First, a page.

Neurotypical is an unprecedented exploration of autism from the point of view of autistic people themselves. Four-year-old Violet, teenaged Nicholas and adult Paula occupy different positions on the autism spectrum, but they are all at pivotal moments in their lives. How they and the people around them work out their perceptual and behavioral differences becomes a remarkable reflection of the “neurotypical” world—the world of the non-autistic—revealing inventive adaptations on each side and an emerging critique of both what it means to be normal and what it means to be human.
Adam Larsen’s Neurotypical has its national broadcast premiere on Monday, July 29, 2013, at 10 p.m. (check local listings), as part of the 26th season of the award-winning PBS series POV (Point of View). The film streams on POV’s website, www.pbs.org/pov/neurotypical, from July 30-Aug. 29.
Neurotypical, filmed predominately in North Carolina and Virginia, introduces viewers to:
Wolf, an African American autism advocate, who declares, “I look at neurotypical life and I’m sorry, I really don’t want to be one of you.” He’s perfectly happy without physical intimacy because of his extreme sensitivity to touch.
Violet, age 4, who is unable to communicate her desires clearly. When she’s feeling good, her energy is limitless. Her parents look for ways to make her life happy and fulfilling. But they wrestle with questions most parents never have to ask: Will the label of autism limit their daughter’s potential? Should they begin going down the road of medicating her or not?
Nicholas, age 14, who might seem the typical American teen, complete with skateboard, guitar and video games. But he struggles with feelings of alienation that go beyond the usual teenage angst.
Adult Paula, who was diagnosed with autism as an adult after she read an article on the subject. Enlightened by this self-awareness, she begins to assess her life through a new lens and finds a community of new friends.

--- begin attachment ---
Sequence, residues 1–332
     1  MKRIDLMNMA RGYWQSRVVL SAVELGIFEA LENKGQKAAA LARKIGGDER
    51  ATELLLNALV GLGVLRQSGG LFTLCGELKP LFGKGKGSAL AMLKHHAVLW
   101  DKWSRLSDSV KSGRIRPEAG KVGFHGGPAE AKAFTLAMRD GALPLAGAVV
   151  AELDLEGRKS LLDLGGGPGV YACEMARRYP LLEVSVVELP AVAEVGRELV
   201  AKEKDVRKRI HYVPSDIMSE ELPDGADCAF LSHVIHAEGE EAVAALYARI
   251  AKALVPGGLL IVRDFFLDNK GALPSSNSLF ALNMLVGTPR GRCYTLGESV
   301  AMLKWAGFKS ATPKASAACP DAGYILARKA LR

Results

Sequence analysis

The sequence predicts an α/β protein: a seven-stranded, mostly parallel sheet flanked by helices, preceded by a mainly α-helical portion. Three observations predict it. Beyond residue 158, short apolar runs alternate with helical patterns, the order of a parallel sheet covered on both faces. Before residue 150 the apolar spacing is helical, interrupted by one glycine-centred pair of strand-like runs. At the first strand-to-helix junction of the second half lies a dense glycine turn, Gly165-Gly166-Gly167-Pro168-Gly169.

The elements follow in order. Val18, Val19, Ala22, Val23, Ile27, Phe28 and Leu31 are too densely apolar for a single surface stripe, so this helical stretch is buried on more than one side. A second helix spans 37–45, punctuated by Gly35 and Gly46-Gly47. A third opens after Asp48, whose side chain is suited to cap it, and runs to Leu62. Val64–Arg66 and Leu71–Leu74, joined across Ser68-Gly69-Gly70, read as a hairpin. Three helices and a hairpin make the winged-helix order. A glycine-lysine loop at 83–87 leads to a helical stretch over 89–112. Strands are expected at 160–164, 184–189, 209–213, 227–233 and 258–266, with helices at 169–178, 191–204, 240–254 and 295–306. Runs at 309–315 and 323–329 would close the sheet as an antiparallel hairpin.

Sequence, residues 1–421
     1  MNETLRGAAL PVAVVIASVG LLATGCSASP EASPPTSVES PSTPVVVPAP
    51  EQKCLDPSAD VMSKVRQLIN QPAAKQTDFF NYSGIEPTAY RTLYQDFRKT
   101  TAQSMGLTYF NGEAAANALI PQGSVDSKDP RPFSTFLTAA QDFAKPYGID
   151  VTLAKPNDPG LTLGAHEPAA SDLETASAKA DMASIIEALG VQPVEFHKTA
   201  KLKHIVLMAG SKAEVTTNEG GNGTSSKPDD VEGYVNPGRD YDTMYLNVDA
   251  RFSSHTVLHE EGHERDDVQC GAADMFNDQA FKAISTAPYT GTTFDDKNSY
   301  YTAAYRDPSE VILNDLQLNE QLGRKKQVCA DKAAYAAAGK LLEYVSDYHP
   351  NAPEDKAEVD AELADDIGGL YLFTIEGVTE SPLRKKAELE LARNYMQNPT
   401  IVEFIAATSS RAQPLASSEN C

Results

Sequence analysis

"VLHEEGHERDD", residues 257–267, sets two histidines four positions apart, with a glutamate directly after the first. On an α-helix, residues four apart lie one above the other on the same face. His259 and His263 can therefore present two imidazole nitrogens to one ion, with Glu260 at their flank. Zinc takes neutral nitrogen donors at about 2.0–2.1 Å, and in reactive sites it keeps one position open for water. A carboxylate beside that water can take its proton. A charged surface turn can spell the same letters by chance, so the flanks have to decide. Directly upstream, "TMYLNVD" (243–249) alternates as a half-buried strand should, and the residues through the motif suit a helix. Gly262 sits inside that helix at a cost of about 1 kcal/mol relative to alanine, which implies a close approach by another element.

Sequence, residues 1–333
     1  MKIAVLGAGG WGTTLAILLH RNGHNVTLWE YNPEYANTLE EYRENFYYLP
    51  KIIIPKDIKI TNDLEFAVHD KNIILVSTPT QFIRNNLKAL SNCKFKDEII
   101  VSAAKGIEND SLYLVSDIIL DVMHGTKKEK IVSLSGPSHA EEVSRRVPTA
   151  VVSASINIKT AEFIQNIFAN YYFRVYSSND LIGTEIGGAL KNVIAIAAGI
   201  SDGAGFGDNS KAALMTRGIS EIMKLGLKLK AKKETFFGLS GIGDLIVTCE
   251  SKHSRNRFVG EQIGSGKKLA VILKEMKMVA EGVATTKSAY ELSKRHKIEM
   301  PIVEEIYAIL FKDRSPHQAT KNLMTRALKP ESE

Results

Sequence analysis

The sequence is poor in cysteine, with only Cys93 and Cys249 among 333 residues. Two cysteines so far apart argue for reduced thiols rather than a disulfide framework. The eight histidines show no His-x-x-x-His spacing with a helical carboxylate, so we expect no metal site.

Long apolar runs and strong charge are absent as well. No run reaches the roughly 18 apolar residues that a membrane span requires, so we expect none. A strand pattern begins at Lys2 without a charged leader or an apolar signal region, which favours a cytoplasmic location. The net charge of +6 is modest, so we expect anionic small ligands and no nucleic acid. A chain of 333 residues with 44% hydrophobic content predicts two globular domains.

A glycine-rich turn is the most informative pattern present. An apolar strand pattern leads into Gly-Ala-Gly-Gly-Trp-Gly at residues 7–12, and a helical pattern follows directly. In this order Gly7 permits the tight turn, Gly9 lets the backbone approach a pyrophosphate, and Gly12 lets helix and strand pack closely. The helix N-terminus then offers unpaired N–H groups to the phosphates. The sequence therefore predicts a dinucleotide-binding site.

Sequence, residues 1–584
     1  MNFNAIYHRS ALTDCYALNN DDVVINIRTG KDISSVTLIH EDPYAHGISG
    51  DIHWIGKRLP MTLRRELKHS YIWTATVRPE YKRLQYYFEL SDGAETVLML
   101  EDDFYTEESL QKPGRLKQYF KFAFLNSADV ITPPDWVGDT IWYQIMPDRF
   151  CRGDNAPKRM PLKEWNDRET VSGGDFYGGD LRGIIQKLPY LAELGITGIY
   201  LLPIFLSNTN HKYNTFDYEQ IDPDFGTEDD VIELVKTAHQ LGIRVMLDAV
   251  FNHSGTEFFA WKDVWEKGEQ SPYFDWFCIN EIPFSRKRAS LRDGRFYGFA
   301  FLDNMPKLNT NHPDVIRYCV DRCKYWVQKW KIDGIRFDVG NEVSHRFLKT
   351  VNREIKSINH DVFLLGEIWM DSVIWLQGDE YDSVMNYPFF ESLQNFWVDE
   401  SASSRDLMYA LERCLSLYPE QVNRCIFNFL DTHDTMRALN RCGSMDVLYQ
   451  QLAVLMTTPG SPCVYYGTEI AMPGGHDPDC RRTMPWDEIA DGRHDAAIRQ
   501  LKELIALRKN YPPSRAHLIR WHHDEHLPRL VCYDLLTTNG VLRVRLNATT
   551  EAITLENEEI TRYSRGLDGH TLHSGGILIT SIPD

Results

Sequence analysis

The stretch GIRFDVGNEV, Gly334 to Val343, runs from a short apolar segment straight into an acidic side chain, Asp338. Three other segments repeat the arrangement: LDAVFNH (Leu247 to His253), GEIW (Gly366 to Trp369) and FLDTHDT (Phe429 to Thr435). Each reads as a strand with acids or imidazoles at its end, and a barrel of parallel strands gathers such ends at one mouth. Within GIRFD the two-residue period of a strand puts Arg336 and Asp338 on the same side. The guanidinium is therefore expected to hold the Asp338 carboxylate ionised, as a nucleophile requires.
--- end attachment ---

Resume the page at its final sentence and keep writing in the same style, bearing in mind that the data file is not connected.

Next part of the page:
Maddi, a senior in high school who wants a relationship. “Just because Temple Grandin doesn’t do it, doesn’t mean it doesn’t happen,” she says, referring to perhaps the most famous individual with autism.
Thirty-something John, who reveals two simple ways he’s learned to follow conversations: Say someone’s name as often as possible, because “a person’s own name is their favorite word in the whole wide world,” and repeat the last three or four words of whatever the person says. “It works like magic.”
These stories raise the film’s central questions. Just what is “normal” for the human mind? Should the many and varied aspects of autism be considered signs of dysfunction or insights into a broader understanding of what it is to be human? Neurotypical is a revelatory portrait of a not-uncommon and little-understood state of being that questions the fundamentals of human perception.
“Neurotypical originated in the shared experiences of my family and the autistic community in western North Carolina,” says filmmaker Adam Larsen. “I began to feel a growing rebellion against what I saw as society’s double standard—either a pervasive need to make people into a rendition of something ‘normal,’ or a tendency to sensationalize the extremes of autism. Making Neurotypical provided a wonderful opportunity to explore more fully the richness of humanity and to bring the concept of neurodiversity into the mainstream.”